Volunteers haul 357 pounds of trash off South Florida reefs
This fire coral (Millepora alcicornis) is entangled with a plastic grocery bag on Graceland Reef, Florida.
The Florida Department of Environmental Protection, Florida Fish and Wildlife Conservation Commission, and Palm Beach County Reef Rescue coordinated the cleanup effort this past July with seven volunteer dive boats from three counties participating in the event. This effort was undertaken in order to clean up debris and refuse that has accumulated on the reefs over the years.
As mentioned above, plastic grocery bags, beer and pop cans, fishing lures and lines, sandals, sunglasses, diving equipment, lawn chairs, and golf balls were found during the cleanup. Plastic grocery bags were particularly nasty as they were easily mistaken by sea turtles for their normal prey: jellyfish. Fishing line was another item that caused a lot of problems as it easily entangled with coral and marine life.
Karen Bohnsack of the Florida Department of Environmental Protection commented that "anything that would entangle an organism or that something might mistake for food" is a problem, she said. "Plastic bags are an issue for sea turtles, and they can also entangle the coral and rub back and forth, and that can kill the actual coral animal."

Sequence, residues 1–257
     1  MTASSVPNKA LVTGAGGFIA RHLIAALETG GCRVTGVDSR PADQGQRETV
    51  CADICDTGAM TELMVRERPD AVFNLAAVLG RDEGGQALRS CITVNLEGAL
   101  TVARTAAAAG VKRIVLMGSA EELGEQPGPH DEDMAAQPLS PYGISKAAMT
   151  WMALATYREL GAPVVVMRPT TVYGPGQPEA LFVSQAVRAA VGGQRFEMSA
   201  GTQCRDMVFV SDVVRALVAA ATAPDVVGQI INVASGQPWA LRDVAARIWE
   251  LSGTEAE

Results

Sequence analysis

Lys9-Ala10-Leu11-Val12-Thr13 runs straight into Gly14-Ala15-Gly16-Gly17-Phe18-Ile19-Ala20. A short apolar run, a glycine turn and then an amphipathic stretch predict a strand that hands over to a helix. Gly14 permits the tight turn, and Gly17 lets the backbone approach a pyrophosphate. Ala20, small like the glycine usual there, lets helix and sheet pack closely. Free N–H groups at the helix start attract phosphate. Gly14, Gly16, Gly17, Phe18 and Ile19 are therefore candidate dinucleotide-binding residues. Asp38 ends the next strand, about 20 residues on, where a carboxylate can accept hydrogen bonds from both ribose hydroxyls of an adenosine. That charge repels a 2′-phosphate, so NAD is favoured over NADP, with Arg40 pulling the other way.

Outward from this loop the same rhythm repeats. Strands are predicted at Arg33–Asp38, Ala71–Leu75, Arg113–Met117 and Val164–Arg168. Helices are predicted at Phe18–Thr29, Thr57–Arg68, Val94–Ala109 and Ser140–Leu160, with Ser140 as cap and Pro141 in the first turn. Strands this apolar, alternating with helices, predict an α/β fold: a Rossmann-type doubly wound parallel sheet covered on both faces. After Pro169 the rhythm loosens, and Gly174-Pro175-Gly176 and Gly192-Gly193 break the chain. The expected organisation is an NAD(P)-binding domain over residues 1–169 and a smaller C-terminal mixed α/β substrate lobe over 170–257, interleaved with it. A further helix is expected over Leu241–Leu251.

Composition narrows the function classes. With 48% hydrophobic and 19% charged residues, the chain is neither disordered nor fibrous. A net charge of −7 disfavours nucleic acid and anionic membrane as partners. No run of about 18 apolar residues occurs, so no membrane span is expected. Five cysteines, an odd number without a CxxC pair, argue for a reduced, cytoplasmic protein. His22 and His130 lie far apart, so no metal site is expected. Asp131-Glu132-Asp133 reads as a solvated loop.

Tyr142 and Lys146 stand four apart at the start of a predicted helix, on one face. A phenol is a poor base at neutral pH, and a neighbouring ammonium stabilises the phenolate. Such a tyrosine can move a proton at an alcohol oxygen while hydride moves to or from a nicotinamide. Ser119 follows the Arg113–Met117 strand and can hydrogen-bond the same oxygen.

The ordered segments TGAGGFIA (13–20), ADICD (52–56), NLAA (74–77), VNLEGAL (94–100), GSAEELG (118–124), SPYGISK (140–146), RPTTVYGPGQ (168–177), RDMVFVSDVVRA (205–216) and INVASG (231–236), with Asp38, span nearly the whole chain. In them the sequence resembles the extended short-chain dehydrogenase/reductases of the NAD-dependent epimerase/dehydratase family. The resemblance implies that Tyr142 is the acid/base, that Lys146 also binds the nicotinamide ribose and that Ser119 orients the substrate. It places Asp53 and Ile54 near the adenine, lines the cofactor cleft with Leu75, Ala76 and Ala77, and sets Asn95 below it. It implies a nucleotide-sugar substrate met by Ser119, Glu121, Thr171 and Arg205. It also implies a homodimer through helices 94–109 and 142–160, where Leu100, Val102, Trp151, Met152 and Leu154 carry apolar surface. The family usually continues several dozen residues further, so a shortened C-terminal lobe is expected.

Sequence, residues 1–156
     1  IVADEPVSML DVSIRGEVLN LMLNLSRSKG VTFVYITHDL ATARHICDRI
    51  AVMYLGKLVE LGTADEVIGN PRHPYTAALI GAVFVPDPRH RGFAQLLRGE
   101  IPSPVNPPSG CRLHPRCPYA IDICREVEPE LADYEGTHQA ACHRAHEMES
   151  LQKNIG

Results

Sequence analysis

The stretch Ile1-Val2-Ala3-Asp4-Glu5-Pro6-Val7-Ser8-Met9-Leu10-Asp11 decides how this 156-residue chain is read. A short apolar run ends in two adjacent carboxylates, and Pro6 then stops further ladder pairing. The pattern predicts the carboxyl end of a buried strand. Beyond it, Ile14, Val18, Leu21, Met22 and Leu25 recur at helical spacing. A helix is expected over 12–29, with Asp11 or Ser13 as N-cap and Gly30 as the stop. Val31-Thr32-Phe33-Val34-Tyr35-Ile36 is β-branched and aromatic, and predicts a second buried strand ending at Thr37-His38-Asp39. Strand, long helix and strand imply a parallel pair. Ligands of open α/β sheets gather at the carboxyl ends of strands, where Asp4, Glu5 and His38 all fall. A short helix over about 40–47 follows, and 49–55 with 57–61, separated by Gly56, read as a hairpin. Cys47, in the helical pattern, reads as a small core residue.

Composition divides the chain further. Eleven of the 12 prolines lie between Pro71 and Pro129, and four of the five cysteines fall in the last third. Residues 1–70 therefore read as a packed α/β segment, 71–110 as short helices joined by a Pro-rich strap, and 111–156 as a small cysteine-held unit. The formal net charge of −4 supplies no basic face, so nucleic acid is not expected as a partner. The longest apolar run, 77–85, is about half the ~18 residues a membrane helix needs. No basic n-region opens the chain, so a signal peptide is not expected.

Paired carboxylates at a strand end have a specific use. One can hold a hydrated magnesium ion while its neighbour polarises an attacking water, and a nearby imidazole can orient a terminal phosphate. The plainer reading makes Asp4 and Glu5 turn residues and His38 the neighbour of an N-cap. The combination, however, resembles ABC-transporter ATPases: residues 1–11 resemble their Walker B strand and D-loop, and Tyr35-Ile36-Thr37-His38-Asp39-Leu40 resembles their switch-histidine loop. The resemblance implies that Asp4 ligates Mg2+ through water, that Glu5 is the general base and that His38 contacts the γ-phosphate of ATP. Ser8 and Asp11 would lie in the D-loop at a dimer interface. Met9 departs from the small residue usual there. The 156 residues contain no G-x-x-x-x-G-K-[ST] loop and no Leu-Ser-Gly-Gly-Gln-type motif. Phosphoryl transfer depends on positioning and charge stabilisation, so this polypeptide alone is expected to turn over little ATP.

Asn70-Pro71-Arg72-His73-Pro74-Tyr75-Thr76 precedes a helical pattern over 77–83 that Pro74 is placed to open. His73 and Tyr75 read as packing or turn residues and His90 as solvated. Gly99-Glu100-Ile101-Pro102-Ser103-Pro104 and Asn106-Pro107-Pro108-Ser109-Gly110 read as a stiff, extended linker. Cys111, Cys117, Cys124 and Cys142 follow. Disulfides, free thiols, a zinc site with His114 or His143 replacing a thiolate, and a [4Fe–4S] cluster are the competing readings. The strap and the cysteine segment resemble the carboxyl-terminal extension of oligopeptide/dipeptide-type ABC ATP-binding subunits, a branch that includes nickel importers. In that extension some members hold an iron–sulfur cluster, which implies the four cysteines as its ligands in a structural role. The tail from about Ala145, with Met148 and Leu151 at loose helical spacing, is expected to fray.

During the cleanup, the divers were careful with the removal effort. If coral had encrusted a particular trash item, they carefully cut away the unencrusted portion leaving the remainder to encrust over time with coral.
The program also urges recreational divers to remove small debris items as they encounter them. Reporting larger items is encouraged by either contacting Southeast Florida Action Network hotline at 866-770-SEFL or at SEAFAN.net.